staring down the barrel of 26.2 miles. A journey that will not only take me through the streets of Chicago, but a journey that will once again push my body and mind to see what I'm made of. To see if I have enough determination, fight, and grit to overcome the challenges of the marathon and complete what only 0.5 percent of the US population will ever do.
For a long time, I had a hard time finding one word to describe what the marathon means to me. I had all the feelings, all the emotions and all the intangibles, but I couldn't find one word to sum it all up. Last weekend I had the opportunity to see a friend of mine, Jerry Cahill, speak and he used the word "celebration" when describing what it was like to run and finish a 10K just 3-months after receiving a new pair of lungs. After thinking about it for a few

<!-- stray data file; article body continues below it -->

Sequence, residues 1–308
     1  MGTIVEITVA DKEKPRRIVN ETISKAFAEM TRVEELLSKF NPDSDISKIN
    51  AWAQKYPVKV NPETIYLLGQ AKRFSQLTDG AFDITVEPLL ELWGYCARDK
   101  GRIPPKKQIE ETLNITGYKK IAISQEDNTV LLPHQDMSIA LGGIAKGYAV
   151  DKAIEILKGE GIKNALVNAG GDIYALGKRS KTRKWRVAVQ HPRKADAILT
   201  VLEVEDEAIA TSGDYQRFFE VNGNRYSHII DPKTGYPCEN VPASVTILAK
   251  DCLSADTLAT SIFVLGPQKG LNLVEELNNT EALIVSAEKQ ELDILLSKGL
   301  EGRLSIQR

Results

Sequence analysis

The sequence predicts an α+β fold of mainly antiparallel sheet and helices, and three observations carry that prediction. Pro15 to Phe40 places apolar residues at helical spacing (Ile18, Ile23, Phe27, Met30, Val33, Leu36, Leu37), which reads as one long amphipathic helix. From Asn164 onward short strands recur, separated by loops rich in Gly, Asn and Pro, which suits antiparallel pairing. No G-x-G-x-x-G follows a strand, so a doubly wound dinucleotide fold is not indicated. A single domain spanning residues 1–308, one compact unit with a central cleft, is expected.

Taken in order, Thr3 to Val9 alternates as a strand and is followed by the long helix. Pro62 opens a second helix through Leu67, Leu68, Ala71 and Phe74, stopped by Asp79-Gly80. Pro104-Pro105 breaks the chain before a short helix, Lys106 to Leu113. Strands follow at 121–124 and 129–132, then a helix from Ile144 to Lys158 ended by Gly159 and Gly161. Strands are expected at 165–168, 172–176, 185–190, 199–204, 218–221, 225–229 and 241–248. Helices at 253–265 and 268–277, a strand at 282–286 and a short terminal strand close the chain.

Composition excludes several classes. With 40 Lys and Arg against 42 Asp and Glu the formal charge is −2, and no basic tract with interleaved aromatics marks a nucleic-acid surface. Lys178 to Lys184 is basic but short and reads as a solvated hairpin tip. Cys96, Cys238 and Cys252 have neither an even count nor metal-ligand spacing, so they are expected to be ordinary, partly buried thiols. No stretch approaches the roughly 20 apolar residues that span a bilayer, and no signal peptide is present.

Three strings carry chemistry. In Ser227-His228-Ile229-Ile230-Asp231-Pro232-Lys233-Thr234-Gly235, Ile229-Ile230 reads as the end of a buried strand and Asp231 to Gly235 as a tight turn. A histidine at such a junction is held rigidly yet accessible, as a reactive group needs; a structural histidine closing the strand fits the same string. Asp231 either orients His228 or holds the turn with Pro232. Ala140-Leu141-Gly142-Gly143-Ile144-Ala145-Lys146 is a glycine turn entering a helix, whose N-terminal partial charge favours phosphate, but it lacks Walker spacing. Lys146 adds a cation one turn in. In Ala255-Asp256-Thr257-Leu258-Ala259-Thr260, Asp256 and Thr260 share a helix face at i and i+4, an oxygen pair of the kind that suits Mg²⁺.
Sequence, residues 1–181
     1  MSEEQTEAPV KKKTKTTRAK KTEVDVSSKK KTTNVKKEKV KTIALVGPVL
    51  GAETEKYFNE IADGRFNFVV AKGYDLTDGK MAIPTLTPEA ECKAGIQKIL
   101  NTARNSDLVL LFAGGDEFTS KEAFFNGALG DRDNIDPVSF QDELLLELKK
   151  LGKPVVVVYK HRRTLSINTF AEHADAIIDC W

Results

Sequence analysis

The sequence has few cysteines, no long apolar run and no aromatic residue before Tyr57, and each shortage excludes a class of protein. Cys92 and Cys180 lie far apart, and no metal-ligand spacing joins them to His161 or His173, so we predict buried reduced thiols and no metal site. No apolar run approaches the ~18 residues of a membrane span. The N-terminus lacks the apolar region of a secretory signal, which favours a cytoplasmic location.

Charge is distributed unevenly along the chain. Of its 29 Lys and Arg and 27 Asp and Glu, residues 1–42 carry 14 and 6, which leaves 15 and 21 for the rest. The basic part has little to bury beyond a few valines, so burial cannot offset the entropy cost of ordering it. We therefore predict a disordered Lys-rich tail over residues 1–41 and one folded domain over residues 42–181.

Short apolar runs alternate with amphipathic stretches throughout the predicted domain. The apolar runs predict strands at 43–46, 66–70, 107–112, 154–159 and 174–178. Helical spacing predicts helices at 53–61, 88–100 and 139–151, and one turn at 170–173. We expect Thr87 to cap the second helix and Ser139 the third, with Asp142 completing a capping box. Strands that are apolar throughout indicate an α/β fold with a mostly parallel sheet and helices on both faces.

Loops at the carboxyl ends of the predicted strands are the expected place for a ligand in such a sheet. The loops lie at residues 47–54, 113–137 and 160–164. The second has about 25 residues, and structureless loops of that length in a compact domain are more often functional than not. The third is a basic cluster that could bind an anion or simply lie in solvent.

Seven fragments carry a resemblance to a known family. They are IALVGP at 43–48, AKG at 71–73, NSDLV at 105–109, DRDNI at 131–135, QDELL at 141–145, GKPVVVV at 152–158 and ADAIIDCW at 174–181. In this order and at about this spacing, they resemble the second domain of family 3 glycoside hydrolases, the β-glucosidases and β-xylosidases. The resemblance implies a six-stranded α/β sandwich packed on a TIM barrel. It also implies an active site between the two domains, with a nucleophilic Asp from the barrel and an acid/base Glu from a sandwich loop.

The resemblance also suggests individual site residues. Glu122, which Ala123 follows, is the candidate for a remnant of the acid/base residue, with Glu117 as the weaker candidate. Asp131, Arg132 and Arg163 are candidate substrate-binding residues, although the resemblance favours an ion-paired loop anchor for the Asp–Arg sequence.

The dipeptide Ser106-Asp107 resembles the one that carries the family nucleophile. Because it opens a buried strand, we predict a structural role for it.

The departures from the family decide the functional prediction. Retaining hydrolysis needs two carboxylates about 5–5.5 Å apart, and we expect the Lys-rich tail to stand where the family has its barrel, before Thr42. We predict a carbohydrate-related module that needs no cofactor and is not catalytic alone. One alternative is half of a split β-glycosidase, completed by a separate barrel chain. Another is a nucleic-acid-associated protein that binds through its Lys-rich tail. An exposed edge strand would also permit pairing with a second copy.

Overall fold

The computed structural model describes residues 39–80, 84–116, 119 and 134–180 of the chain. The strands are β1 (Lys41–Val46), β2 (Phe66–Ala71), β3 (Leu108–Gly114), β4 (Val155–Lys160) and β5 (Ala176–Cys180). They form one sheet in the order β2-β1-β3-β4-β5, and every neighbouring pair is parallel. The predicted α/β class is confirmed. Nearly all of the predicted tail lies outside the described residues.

days I realized the word he uses is perfect.
You see, for a young man who has Cystic Fibrosis, a chronic, progressive lung disease that's exactly what the marathon is. It's a celebration. A celebration that at the age of 28 my lungs still work. A celebration that my lungs are still strong enough to carry me 26.2 miles. A celebration of how hard I work. A celebration that I continue to not only beat, but crush the odds.
And if celebrating life or the fact that my lungs are still this strong to run marathons makes me crazy, nuts or insane then yes, I am crazy. I am nuts. I am insane. We all celebrate life in different ways. This is how I celebrate.